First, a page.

Because I do believe that our emotions are not good or bad, they are just messengers waiting for us to hear them fully and completely, without judgement.
In this case, can we reframe guilt from being this bad thing that continually pulls you into the past, and instead look at it as something that pulls your forward toward being more aligned with your values?
I know that this was a lot to take in, but I hope that all of this makes sense and that it was helpful.
If you end up going through any of these exercises, feel free to send me an email and let me know how it went for you.
Again, I’m sending you prayers and lots of love as you continue to grieve and go through this healing process.
A. Thank you so much for your willingness to share so vulnerably how you’re feeling.
I fully understand that feeling of being stuck and it is not fun, but the first step is always awareness, so I want to acknowledge and validate that you already have this awareness.
1) The first thing I want to highlight is that we often stay stuck because sometimes it can feel like there are so many directions we could move in to get unstuck and that can feel really overwhelming.
I’m wondering if that’s how it’s feeling for you?
So many options and areas of life that feel like you could make a change, but you’re not sure where to start?
If this is the case I’d encourage you to do a life inventory exercise to see which area you want to focus on first?
Because we literally cannot change all the things all at once, and if we try, we will often give up because of too much overwhelm.
Here’s what a life inventory could look like...
Journal around the following:
1) what's going well,
2) what's not going well,
3) where do you want to be/what you'd like it to look and feel like in the following areas of your life:
Hopefully this will help you to get clarity about how you want to move forward and which area of life you want to focus on, and reduce the feelings of overwhelm.
2) The next thing that came up for me as I was reading your question was the way that you shared about the fear.
You shared about it as something you want to get rid of and as if it is a bad thing.
And I agree that letting fear hold us back from living the lives we want to live can become a bad thing, if we let it rule our lives and control us.
But as I stated in the previous question, emotions are just messengers - I believe they’re neutral and they just want us to pay attention to them without putting labels of good or bad on them.
So, I’m wondering if we can shift your relationship with fear?
Could you potentially see how your fear is protecting you and keeping you safe from something?
Whether that’s a real or perceived threat.
I’m not sure what it’s protecting you from, but if we were working together, I’d encourage you to get more acquainted with your fear, invite it in or when it shows up sit with it, and then ask it what it’s protecting you from?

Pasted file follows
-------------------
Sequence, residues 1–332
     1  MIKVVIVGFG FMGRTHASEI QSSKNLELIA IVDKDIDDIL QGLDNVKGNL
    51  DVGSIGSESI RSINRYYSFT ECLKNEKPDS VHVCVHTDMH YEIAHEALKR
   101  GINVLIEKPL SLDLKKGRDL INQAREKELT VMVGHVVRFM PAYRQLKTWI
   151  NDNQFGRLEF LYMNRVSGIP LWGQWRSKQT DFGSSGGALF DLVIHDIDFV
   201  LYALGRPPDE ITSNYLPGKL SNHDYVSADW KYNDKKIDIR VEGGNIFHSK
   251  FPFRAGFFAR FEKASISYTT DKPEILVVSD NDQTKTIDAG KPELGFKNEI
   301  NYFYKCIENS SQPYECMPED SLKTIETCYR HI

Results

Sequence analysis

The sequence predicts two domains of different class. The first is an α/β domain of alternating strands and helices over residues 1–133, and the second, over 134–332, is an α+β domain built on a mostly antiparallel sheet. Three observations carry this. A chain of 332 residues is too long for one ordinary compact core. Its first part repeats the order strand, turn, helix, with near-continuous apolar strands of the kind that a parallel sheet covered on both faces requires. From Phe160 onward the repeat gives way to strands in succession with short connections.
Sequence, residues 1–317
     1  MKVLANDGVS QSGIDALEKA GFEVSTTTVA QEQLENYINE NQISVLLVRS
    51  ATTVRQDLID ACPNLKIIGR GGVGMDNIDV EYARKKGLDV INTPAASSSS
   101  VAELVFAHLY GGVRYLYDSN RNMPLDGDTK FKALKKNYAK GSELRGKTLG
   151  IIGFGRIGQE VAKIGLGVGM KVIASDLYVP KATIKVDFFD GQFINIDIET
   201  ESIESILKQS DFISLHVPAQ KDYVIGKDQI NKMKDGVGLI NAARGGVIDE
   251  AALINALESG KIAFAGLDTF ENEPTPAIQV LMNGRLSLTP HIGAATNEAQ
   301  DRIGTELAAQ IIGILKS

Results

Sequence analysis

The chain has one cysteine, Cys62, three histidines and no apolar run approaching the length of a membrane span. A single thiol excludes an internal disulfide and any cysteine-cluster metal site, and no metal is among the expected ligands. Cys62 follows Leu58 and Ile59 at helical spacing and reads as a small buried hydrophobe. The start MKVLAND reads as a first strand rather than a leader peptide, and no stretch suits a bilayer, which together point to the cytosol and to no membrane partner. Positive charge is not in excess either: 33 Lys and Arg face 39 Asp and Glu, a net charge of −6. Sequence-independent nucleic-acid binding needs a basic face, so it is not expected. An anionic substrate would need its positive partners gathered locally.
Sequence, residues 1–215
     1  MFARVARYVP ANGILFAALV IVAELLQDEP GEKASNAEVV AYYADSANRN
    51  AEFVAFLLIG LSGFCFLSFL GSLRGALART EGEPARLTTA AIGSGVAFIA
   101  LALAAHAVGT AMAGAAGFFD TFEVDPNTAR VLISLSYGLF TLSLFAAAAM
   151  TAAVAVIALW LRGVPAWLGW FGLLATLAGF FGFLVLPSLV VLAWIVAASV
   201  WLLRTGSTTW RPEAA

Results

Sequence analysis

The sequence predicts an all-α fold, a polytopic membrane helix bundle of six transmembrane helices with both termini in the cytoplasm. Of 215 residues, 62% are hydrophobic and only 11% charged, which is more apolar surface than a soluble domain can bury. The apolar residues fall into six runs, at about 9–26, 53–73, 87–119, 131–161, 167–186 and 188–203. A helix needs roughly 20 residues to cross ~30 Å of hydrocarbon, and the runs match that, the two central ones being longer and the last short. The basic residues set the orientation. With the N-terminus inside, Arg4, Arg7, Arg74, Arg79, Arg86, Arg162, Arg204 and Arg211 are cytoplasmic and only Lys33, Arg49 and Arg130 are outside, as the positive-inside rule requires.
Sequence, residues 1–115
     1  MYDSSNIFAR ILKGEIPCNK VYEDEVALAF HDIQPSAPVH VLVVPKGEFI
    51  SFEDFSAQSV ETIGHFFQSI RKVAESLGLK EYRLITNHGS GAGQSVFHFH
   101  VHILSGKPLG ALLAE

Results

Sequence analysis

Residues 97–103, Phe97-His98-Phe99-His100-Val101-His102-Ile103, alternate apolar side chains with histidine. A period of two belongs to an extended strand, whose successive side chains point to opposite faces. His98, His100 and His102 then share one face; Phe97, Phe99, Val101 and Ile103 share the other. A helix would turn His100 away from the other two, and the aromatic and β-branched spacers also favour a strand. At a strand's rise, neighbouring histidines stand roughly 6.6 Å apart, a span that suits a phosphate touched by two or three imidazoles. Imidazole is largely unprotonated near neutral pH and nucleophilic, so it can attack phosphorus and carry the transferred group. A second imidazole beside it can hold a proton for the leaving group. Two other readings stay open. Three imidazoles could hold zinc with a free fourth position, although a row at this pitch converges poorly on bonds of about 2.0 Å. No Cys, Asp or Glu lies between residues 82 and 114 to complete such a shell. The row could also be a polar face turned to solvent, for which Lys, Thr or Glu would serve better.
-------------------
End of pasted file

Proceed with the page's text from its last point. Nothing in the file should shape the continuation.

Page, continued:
If it’s something that you no longer need protection from, my encouragement to you would be to thank your fear, because at some point in your life maybe you needed it to protect you from whatever this is, and it just got a little confused on its job description and it stayed a little bit beyond its expiration date.
Thank your fear for the ways it’s protected you in the past and then let it know you don’t need it anymore in this area, but you’ll be sure to let it know if you need it.
Then I’d ask you to make a list of all of the things you’re afraid of and rank them from what brings up the least fear to what brings up the greatest fear.
Then focus only on the thing that brings up the least amount of fear.
Think of one small action step you could take to face that fear.
And just focus on this one small thing for a period of time.
And the reason why I’m asking you to do this because you need to build up your trust muscle within yourself and you do this by showing yourself that you’re ready, willing and able to show up consistently for yourself.
I don't believe that fear every fully goes away, because it serves a purpose in our lives, but we are meant to be in right relationship with it.
I do believe that the fear voice gets less loud, once we pay attention to it, and by that I mean face it and listen to it, vs. running away from it, ignore it, or try to get it to go away.
I hope that this was helpful, if you end up doing either of these exercises, feel free to send me an email letting me know what came up for you.
A. In regards to stepping away and letting go of a relationship, sometimes I feel or I've observed that we think it needs to be this big grandiose or dramatic act of stepping away.
Maybe in some cases it does need to be a complete cut off from the person, or it might involve confrontation or a lengthy conversation, especially if there's any type of abuse.
But more often than not, we can gradually start distancing ourselves from a person, if we don't feel like we want to have an in depth conversation with them about why we're stepping back.
Maybe you’ve noticed that this person doesn’t bring out the best in you, you feel emotionally drained when you’re around them, or they’re not supportive of your goals, etc.
So you’ve decided to create an internal boundary for yourself and while you’re grateful for the role this person played in your life, as you’re growing and transforming you’re realizing that there’s not room in your life for them anymore.
This doesn’t mean that this person is terrible or toxic or anything like that, but you do get to determine who has access to you and how much access they have to you.
Stepping away and letting go without having to overexplain is perfectly okay, because you don't really owe anyone any part of your story, especially if you are tending to and taking care of yourself.
As for letting go, I want to say first and foremost that it is a process.
It is not something that you do one time and then poof you're done letting go.
It's something we have to practice doing over and over again.
Here are some ways that you can practice stepping back and letting go:
I hope that this was helpful and I'm sending you lots of love as you determine what the best course of action is for you!